In days of old, the three biggest holidays of the year were the Shalosh Regalim, the three pilgrimage festivals when we would walk to Jerusalem to make offerings to God at the Temple. One of them was Sukkot, the harvest festival we celebrate in the fall. One of them was Pesach, the festival of liberation we celebrate in the spring. And one of them was Shavuot.
In those days Shavuot was known as the Festival of First Fruits. On the second day of Pesach we planted spring barley, and counted 49 days, and then harvested it and brought it to the Temple on the 50th day as a gift of gratitude to God.
Once the Temple was destroyed in the year 70 C.E., our sages reinterpreted Shavuot. Shavuot, they said, was the anniversary of the day when the Torah was given to us at Sinai. They taught that all of our souls were mystically present at that moment to receive Torah… and that when God spoke, each person heard it in a language and an idiom and a style which they could understand.
Of those three great pilgrimage festivals, the one which most of us know well today is Pesach. (Studies show that almost all Jews celebrate some kind of Passover seder.) And many of us are coming to know Sukkot once again, and to enjoy the deliciousness of meals savored outdoors in the fall beneath the sukkah’s leafy roof. But many of us do not have experiences of Shavuot.
Shavuot is the culmination of a journey we began at Pesach. At seder we celebrated our liberation from Mitzrayim, “The Narrow Place.” Tradition teaches that we must all see ourselves as though we personally were liberated from Egypt — and surely we have all known places and times of constriction in our lives from which we might yearn to be set free.
But freedom by itself isn’t enough. We’re freed not only from, but also toward — toward covenant with God; toward Torah; toward the connective opportunities of the mitzvot. Shavuot is when we celebrate covenant and Torah. One midrash depicts Shavuot as our wedding anniversary, the date when we and God entered into an eternal covenant of connection.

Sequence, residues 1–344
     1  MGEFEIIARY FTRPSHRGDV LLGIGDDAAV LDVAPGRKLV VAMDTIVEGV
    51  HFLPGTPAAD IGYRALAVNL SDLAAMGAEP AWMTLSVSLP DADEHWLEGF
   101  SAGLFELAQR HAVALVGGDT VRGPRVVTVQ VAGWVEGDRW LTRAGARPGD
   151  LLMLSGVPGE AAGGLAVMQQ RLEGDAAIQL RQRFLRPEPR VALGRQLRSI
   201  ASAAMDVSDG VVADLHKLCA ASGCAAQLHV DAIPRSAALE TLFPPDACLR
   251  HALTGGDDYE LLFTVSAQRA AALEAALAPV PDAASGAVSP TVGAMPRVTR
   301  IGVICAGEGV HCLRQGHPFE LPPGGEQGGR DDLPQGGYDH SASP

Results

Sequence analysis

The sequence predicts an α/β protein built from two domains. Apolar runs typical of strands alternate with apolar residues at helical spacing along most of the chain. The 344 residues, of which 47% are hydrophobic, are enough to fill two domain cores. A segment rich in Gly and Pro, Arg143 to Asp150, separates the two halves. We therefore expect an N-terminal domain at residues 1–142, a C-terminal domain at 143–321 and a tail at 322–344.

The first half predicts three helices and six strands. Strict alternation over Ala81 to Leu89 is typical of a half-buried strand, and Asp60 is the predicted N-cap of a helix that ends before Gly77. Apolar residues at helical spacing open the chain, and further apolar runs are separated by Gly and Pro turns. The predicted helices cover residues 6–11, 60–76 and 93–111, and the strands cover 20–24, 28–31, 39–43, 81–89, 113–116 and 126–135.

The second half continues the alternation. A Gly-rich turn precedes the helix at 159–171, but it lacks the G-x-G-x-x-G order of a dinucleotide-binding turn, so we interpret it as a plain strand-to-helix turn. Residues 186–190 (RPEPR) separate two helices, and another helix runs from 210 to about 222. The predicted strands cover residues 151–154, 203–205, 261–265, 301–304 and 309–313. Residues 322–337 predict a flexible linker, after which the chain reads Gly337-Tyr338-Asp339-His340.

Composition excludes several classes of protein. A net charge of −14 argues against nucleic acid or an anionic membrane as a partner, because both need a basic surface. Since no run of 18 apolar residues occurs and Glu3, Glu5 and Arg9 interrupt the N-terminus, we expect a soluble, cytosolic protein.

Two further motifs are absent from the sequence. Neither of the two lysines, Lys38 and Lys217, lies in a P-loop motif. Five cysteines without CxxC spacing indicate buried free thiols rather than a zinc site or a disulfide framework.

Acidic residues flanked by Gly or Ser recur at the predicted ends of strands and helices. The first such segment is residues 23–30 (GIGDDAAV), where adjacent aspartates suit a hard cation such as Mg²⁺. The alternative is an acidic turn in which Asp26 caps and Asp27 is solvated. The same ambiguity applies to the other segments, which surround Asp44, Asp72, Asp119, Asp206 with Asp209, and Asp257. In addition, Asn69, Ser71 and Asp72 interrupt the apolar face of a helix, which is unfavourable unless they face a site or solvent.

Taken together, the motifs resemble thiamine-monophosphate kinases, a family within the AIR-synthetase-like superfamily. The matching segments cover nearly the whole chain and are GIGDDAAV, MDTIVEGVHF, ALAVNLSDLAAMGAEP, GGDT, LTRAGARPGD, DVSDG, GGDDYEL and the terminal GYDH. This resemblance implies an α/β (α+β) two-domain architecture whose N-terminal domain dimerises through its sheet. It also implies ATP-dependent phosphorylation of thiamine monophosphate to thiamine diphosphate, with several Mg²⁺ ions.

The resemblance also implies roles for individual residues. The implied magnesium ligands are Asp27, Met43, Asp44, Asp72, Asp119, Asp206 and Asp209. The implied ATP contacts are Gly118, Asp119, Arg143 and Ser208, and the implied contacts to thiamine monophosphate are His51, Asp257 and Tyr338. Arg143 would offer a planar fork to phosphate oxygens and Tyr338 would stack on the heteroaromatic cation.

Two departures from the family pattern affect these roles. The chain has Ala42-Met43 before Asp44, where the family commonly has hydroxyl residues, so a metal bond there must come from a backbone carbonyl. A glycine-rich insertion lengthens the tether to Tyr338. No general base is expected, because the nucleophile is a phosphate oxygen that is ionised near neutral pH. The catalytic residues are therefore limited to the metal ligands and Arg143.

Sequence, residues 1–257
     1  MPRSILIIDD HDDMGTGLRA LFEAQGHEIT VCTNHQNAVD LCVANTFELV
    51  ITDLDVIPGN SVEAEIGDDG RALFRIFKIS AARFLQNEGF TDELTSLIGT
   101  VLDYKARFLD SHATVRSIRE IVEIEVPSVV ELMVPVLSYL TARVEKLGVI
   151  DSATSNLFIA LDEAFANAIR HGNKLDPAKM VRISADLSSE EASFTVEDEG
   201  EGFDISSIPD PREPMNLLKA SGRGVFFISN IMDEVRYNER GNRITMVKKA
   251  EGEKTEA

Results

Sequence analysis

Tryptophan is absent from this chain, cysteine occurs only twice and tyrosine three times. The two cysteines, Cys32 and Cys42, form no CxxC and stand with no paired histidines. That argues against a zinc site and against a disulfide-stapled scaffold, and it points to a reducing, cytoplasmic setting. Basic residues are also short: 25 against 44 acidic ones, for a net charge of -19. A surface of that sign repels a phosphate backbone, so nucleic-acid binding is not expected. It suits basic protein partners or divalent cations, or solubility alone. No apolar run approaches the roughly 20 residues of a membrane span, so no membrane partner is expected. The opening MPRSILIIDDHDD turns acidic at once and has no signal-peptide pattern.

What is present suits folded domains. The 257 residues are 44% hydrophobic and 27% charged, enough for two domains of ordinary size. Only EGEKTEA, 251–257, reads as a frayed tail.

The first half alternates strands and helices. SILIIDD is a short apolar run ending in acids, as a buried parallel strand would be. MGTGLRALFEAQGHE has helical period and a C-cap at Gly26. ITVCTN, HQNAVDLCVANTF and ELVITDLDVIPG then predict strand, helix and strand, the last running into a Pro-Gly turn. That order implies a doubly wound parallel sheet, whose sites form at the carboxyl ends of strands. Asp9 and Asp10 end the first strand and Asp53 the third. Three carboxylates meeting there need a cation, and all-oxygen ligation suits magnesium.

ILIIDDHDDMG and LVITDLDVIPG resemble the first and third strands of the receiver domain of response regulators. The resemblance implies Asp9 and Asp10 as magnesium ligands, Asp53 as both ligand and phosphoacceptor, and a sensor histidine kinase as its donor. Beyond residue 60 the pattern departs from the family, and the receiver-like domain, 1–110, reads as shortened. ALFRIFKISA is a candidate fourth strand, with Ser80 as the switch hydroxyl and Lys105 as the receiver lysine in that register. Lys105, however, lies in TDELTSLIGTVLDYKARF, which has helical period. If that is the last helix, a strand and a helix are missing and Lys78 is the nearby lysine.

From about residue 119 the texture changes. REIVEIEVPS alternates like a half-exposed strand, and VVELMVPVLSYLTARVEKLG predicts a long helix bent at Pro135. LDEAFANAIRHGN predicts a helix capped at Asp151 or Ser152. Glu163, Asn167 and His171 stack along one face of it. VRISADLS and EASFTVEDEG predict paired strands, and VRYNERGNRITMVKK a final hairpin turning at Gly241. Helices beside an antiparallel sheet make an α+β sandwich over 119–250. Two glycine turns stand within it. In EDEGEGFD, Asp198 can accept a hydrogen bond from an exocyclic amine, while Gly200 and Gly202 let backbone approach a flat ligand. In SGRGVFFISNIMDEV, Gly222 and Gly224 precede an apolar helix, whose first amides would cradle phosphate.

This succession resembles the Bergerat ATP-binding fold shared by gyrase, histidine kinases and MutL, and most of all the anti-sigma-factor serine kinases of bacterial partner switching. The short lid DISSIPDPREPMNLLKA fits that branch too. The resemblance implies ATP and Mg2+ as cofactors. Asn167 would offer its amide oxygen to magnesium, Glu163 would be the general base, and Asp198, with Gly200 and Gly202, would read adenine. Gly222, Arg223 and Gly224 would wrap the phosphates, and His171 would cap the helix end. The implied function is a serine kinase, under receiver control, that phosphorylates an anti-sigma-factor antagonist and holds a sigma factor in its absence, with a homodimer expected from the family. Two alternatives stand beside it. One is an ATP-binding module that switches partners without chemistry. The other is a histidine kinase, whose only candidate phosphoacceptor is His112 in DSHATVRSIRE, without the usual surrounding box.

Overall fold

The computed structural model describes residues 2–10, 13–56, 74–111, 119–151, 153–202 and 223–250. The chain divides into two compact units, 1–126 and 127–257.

The Kotzker Rebbe was asked, why is Shavuot called the day of the giving of the Torah instead of the day of the receiving of the Torah? His answer is that the giving took place on one day, but the receiving takes place at all times. As my teacher Reb Zalman of blessed memory used to say, God broadcasts on all channels; we receive revelation when and where we are attuned.
Join us on Saturday evening and Sunday morning for our celebration of Shavuot. (Details follow.) Along with our counterparts around the world, we will attune ourselves to experience revelation together once again.
See you at Sinai!
Blessings to all,
- Tikkun Leyl Shavuot: 8pm Saturday night, Williams College Jewish Religious Center. Short-and-sweet festival service followed by joyous study. We’ll pause for havdalah when the time is right, then keep learning (and enjoying espresso milkshakes!) Stay as long as you like. Planned lessons include Sinai: Ascension of the Chosen?, Is Orthodox Judaism Compatible With Feminism?, What Would Moses Do: Distribution of Equitable Wealth in Torah, and Tonight’s Revelation: Writing a New Poem of Torah.
- Shavuot Morning With Yizkor: 10am Sunday morning, CBI. Festival morning services will include a reading from Torah as well as the Yizkor / Memorial prayers we recite four times a year. This is our summer opportunity to remember our beloveds and to reconnect. There will also be cheesecake.